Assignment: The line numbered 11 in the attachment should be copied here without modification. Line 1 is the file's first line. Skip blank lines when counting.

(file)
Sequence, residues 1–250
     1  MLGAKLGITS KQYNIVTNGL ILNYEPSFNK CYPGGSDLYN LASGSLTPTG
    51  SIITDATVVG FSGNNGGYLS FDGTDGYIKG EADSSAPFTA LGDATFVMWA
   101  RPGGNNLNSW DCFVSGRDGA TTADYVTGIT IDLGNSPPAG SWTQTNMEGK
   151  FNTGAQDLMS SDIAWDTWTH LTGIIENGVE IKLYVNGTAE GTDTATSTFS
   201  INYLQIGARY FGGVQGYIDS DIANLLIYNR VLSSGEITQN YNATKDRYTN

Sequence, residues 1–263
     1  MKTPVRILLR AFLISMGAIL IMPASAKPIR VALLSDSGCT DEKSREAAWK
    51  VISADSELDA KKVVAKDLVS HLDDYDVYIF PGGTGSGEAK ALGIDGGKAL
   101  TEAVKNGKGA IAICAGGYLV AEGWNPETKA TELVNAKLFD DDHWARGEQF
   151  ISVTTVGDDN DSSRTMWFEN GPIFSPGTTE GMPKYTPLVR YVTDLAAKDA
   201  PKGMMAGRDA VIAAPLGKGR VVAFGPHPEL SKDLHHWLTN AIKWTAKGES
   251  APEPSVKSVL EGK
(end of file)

   151  ISVTTVGDDN DSSRTMWFEN GPIFSPGTTE GMPKYTPLVR YVTDLAAKDA